Teaching your child to be a good friend #AtoZChallenge

FToday on the A to Z Challenge we are up to the letter F. Since this lands on a day that I typically talk about parenting, I decided to post about teaching your child to be a good friend.

Learning to be a good friend is an important life skill to master. Children do not automatically know how to be a friend. Typically, many little kids are all about pleasing themselves and not worried about others. Being a good friend is not a skill that they will just pick up from hanging out with other children on the playground. It has to be taught. The best way is to set a good example yourself.

What I have always told my kids is that you need to treat others as you would like to be treated. This means you do kind things for them and use kind language. You don’t tell your friends what to do. You don’t ignore them. You don’t want to hurt their feelings.

friendsLexie (at age 4) was heartbroken one day when one of her friends (who is older than her by two years) decided to have a play date with some friends and didn’t invite Lexie. It was hard to explain to Lexie that her friend wanted to spend time with girls her own age.

But I use this example for the kids to not talk about events in front of friends unless they are planning to invite them too. As an adult, if you talk to your co-workers about the upcoming birthday party for your husband, they might expect an invitation, especially if they know him. But if you are talking about your upcoming family reunion, they probably won’t.

Kids can’t always make these distinctions. Sometimes when Lexie hears about other events, she tries to invite herself. I have to explain that she can’t be included in everything. You have to let your friends spend time with other friends.

As I watch Lexie navigate this area, it is sometimes hard to know when to step in and offer advice and when to let her figure it out on her own. It is difficult to watch your kids get hurt by their friends but dealing with conflict and problems in a friendship is inevitable. There will be heartache. Friends are not always easy.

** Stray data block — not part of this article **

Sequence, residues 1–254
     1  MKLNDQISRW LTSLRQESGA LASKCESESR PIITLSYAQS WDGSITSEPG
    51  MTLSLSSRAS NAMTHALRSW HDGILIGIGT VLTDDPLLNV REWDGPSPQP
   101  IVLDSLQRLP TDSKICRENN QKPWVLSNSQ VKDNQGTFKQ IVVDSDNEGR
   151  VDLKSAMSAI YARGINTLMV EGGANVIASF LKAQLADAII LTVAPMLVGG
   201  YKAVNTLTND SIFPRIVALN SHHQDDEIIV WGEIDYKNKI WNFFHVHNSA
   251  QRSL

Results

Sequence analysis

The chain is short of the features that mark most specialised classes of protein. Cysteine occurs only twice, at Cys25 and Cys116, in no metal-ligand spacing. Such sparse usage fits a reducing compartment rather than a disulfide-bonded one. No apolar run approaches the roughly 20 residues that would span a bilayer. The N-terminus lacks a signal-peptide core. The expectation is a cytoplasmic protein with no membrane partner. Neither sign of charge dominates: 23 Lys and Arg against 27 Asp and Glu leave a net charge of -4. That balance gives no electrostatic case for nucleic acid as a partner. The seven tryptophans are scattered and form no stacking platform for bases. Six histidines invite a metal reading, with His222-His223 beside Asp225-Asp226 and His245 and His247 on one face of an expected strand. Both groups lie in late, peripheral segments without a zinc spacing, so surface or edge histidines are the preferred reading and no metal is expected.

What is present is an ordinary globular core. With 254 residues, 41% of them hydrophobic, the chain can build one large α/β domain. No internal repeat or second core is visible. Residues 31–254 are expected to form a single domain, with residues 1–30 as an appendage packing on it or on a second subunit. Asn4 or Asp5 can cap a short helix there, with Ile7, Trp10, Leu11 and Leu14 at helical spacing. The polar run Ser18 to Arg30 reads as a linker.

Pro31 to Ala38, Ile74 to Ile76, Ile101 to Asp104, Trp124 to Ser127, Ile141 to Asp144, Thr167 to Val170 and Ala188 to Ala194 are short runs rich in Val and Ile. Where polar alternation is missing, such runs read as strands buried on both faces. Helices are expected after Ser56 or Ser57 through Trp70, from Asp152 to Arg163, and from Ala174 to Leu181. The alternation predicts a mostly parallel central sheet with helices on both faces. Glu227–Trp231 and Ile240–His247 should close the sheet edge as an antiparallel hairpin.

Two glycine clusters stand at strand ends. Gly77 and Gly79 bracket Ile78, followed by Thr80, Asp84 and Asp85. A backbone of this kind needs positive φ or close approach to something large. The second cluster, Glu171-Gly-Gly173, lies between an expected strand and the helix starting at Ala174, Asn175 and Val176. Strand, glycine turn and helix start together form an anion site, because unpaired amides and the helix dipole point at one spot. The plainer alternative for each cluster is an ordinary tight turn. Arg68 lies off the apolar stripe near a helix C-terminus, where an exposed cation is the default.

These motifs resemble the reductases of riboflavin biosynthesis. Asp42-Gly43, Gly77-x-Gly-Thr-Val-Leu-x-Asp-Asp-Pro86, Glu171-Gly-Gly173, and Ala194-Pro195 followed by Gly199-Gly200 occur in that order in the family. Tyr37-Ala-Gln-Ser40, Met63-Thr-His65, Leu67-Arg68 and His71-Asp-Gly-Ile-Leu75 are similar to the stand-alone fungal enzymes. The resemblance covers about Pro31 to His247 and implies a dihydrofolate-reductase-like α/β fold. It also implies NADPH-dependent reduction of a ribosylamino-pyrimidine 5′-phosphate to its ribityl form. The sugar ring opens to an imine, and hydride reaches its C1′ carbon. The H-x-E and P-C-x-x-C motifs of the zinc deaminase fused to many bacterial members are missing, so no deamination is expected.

Even Jase who is polite and thoughtful is going to slip up sometimes. Kids don’t always realize that what they say and do affect others. Often when Jase is teasing his sister, I remind him to think about how he would feel if she or someone else was treating him that way.

I am glad my kids have friends in the neighborhood that they can walk to school with and look forward to playing with. And I don’t know how long these friendships will last as kids’ interests will change and develop over the next few years which could cause them to grow apart. But these are their first friends and their first chance at becoming a good friend. And it is a lesson I hope they learn well.

7 thoughts on “Teaching your child to be a good friend #AtoZChallenge

  1. That’s a good post! I have a two year old, who is just learning about sharing with others at the moment. I know it’s going to be more and more of a challenge later if I don’t start instilling these good manners and emotional understanding lessons… I think I’m getting there – but who knows. Each day is different.

  2. Great post… Things are so different for our kids then they were for us at their age. They have so much more to worry about and a big part of that is technology.

  3. Nicki Elson says:

    Oh gosh, seeing my kids hurt by a friend is one of the hardest things in the world. But yep, even the bad experiences are good learning opportunities.

    • Stopping by on the 7th day of the #Challenge. Congratulations on a well presented blog and content. Know you are going to make new blogging friends. If you have time or interest, I am writing about gardening and related topics this month. Stop by.

  4. Parenting scares me–for this and so many other reasons. So much, so many little details, go into shaping a worthy human being. Kudos to you!
    Guilie @ Life In Dogs

  5. nembow says:

    “you need to treat others as you would like to be treated.” Great advice foe children and adults alike!

Leave a Reply

Fill in your details below or click an icon to log in:

WordPress.com Logo

You are commenting using your WordPress.com account. Log Out /  Change )

Google photo

You are commenting using your Google account. Log Out /  Change )

Twitter picture

You are commenting using your Twitter account. Log Out /  Change )

Facebook photo

You are commenting using your Facebook account. Log Out /  Change )

Connecting to %s